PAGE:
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  1. Not by Bread Alone: Mobility Experiences, Religion, and Optimism about Future Mobility

    Americans are quite optimistic about their chances of upward mobility, but sometimes even they have their doubts. The authors examine how mobility experiences boost or dampen American optimism about mobility and how the relationship is connected to religion. The authors find that Americans whose subjective financial situations have recently worsened are less optimistic, whereas those whose situations have improved are more optimistic. Objective measures of mobility were not connected to optimism.

  2. Visualizing Individual Outcomes of Social Mobility Using Heatmaps

    Research on the consequences of social mobility usually draws on information about categorical origin and destination variables as well as an outcome variable. The author shows an example of a heatmap created in Stata to visualize the relationship between social mobility and poor self-rated health in Germany and discusses the advantages of this heatmap approach to other visualization approaches.

  3. The Global Increase in the Socioeconomic Achievement Gap, 1964 to 2015

    The “socioeconomic achievement gap”—the disparity in academic achievement between students from high- and low-socioeconomic status (SES) backgrounds—is well-known in the sociology of education. The SES achievement gap has been documented across a wide range of countries. Yet in most countries, we do not know whether the SES achievement gap has been changing over time. This study combines 30 international large-scale assessments over 50 years, representing 100 countries and about 5.8 million students.

  4. Equalization or Selection? Reassessing the “Meritocratic Power” of a College Degree in Intergenerational Income Mobility

    Intergenerational mobility is higher among college graduates than among people with lower levels of education. In light of this finding, researchers have characterized a college degree as a great equalizer leveling the playing field, and proposed that expanding higher education would promote mobility. This line of reasoning rests on the implicit assumption that the relatively high mobility observed among college graduates reflects a causal effect of college completion on intergenerational mobility, an assumption that has rarely been rigorously evaluated. This article bridges this gap.

  5. Trends in U.S. Gender Attitudes, 1977 to 2018: Gender and Educational Disparities

    These figures display gender- and education-related gaps in U.S. gender attitudes from 1977 to 2018. The authors use data from the General Social Survey (N = 57,224) to estimate the historical trajectory of U.S. attitudes about women in politics, familial roles, and working motherhood. Of all attitudes analyzed, Americans hold the most liberal attitudes toward women in politics, with no gender gap and little educational difference on this issue. Attitudes toward familial roles have the largest educational gap but a small gender difference.

  6. Intracohort Trends in Ethnic Earnings Gaps: The Role of Education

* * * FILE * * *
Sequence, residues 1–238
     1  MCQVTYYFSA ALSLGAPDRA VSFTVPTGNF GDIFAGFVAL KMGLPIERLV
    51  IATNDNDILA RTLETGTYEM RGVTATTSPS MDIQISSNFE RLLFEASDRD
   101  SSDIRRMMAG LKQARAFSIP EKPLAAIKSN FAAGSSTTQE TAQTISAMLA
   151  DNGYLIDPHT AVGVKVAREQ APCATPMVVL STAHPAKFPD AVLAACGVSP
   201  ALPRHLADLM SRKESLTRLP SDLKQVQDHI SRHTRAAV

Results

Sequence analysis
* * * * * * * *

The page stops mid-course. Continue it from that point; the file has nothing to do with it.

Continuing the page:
This study demonstrates that studying ethnic/racial inequality on the basis of cross-sectional data conceals how such inequality might unfold over the life course. Moving beyond a snapshot perspective, we ask, Do Israel’s Jewish ethnic groups differ in their long-term earnings trajectories? Analyzing nearly 20 years of registered earnings data, the authors find that for the same cohort (25- to 32-year-old Jews in 1995), the ethnic earnings gap has widened over these years.

  7. Review Essay: The Penthouse Peanut Butter and Jelly Sandwich

    Sociology has made a mark in elucidating how those on the bottom end of the class hierarchy understand their status, how they make decisions, and how they view others. We have learned about the working poor, domestic servants, factory workers, homeless individuals, and more. We draw attention to the plight and agency of those undermined by the capitalist order or those who fell through the cracks of our economic system and civic sphere.

  8. Queer Integrative Marginalization: LGBTQ Student Integration Strategies at an Elite University

    The author draws on the oral histories of 44 LGBTQ Princeton alumni who graduated from 1960 to 2011 to examine student strategies for negotiating marginal identities when integrating into an elite university. Even with greater LGBTQ visibility and resources at the institutional level, LGBTQ students’ experiences and strategies suggest that we question the larger social narrative of linear progress.

  9. Immigrant Generation, Stress Exposure, and Substance Abuse among a South Florida Sample of Hispanic Young Adults

    Existing research finds that succeeding immigrant generations are at greater risk for mental health problems as well as higher levels of substance use. Previous studies have attempted to unpack the role of acculturation stress, discrimination, and other factors in these outcomes. Using data from a community-based sample of Miami-Dade County young adults, we use an empirically and theoretically precise measurement of generational status, allowing us to better understand the process of acculturation and adaptation experienced by each generation.

  10. Honorary Whites? Asian American Women and the Dominance Penalty

    Women face a double bind in positions of leadership; they are expected to display authority in order to appear competent but are judged as socially deficient if they are perceived to be too dominant. This dominance penalty is well documented, but most studies examine reactions only to white women’s leadership displays.